An introduction to the Eclipse MicroProfile specification – part 2

This is the second part of my introduction to the Eclipse MicroProfile specification.

In the first part I give a general introduction to the Eclipse MicroProfile specification (version 2.1) and explain the MicroProfile components Config, Metrics, Fault Toleration and Health Check.

In this part I explain the components OpenAPI, Open Tracing, JWT Propagation and REST Client followed by an overview of the changes in MicroProfile version 2.2 and version 3.0.


MicroProfile OpenAPI provides a unified Java API for the OpenAPI specification (previously known as Swagger). It offers various annotations, models and programming interfaces to generate documentation for the application and REST services.

A simple example for documenting the application is shown below

        info = @Info(title = "Hello MicroProfile application", 
        version = "1.0.0",
        contact = @Contact(
                name = "Gerry Noij",
                email = "",
                url = "")
        servers = {
                @Server(url = "/hello-microprofile", description = "localhost")
public class ApplicationConfig extends Application {

For example, with The OpenAPIDefinition, Info and Server annotations you can add title, version and contact information as well as the URL the application runs on.

And to document a service the Tag, Operation and APIResponse annotations can be used to add a tag, name, description and expected response code to the documentation of the service.

@Tag(name = "Hello World greet service", description = "Get a greeting with a config property")
public class HelloWorldResource {

    @ConfigProperty(name = "name", defaultValue = "World")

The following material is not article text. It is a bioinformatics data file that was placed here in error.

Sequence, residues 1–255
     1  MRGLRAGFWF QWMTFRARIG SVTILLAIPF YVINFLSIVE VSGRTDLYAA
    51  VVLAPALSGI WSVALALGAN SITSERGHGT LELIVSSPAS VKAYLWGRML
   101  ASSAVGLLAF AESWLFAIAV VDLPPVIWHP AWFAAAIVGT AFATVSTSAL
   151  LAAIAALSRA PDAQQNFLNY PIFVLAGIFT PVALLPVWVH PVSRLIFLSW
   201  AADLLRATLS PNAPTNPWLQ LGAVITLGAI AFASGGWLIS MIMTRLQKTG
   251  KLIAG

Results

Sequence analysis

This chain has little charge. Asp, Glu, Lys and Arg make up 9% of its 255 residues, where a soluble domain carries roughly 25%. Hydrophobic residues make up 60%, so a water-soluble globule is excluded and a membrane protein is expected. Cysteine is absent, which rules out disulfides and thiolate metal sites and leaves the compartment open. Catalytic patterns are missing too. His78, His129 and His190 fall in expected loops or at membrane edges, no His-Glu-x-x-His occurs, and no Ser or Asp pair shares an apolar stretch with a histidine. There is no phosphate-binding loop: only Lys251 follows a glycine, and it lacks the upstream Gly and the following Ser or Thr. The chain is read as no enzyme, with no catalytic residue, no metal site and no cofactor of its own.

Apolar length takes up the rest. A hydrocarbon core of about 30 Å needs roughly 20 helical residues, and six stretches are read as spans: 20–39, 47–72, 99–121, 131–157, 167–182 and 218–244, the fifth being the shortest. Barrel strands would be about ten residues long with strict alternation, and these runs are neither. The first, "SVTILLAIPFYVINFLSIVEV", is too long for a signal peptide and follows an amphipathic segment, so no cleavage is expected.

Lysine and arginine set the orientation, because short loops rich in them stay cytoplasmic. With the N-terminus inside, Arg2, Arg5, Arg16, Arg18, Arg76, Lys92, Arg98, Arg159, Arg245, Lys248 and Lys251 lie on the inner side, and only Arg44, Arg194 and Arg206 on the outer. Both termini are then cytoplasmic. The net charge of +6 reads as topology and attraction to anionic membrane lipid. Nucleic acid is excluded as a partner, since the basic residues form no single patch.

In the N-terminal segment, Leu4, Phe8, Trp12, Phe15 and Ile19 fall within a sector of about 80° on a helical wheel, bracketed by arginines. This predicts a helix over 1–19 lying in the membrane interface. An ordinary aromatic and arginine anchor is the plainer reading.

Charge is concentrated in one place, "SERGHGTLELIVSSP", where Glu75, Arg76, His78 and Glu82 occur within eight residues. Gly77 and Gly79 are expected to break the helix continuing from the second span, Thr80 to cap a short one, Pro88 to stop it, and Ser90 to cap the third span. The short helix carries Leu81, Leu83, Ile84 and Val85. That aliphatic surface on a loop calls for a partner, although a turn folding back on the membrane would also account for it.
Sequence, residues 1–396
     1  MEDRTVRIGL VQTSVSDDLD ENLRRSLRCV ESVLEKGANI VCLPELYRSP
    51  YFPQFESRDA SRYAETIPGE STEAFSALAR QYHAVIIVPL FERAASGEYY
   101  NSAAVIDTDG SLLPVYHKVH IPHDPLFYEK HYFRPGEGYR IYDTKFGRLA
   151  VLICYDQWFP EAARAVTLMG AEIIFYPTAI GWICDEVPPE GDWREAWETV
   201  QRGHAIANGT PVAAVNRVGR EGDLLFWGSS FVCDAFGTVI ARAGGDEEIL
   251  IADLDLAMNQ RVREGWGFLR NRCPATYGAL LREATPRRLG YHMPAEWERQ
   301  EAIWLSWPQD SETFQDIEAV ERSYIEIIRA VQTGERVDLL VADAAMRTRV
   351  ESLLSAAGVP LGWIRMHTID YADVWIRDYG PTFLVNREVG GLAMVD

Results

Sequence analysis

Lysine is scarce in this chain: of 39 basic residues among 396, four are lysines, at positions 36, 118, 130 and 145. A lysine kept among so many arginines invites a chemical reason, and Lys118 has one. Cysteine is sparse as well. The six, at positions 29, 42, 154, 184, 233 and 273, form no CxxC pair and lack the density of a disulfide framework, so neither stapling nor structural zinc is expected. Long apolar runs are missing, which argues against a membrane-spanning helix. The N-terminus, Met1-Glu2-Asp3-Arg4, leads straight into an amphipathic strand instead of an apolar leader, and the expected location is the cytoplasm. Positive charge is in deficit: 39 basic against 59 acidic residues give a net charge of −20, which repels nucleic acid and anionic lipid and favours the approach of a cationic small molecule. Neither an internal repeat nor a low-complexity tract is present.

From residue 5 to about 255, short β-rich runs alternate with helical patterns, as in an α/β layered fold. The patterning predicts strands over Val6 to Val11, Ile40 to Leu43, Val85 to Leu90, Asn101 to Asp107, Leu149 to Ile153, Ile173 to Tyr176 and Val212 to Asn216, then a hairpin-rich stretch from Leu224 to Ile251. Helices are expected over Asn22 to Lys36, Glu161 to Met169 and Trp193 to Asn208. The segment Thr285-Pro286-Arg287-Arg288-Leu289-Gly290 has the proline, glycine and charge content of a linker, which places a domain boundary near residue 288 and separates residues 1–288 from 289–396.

private String name;

    @Operation(description = "Get a greeting")
    @APIResponse(responseCode = "200", description = "Successful, returning the greeting")
    public Response greet() {
        return Response.ok("Hello " + name + "!").build();

The documentation is exposed at the /openapi  endpoint in YAML format. To make it more readable there are various tools available, OpenAPI GUI or Swagger UI to name a few. You can also test the microservices with these.

The sample code (see the resources section) adds the Swagger UI to the application.

Open Tracing

If you have a lot of services, tracing and debugging an individual request as it travels through a distributed system can be difficult. The Open Tracing component can make it easier as it provides a standard API for instrumenting microservices for distributed tracing.

Distributed tracing helps troubleshoot microservices by logging requests as they propagate through a distributed system, which makes it easier to examine these requests.

Open Tracing enables distributed tracing in microservices without adding any explicit distributed tracing code to the application. In a MicroProfile application tracing is enabled by default on all JAX-RS endpoints.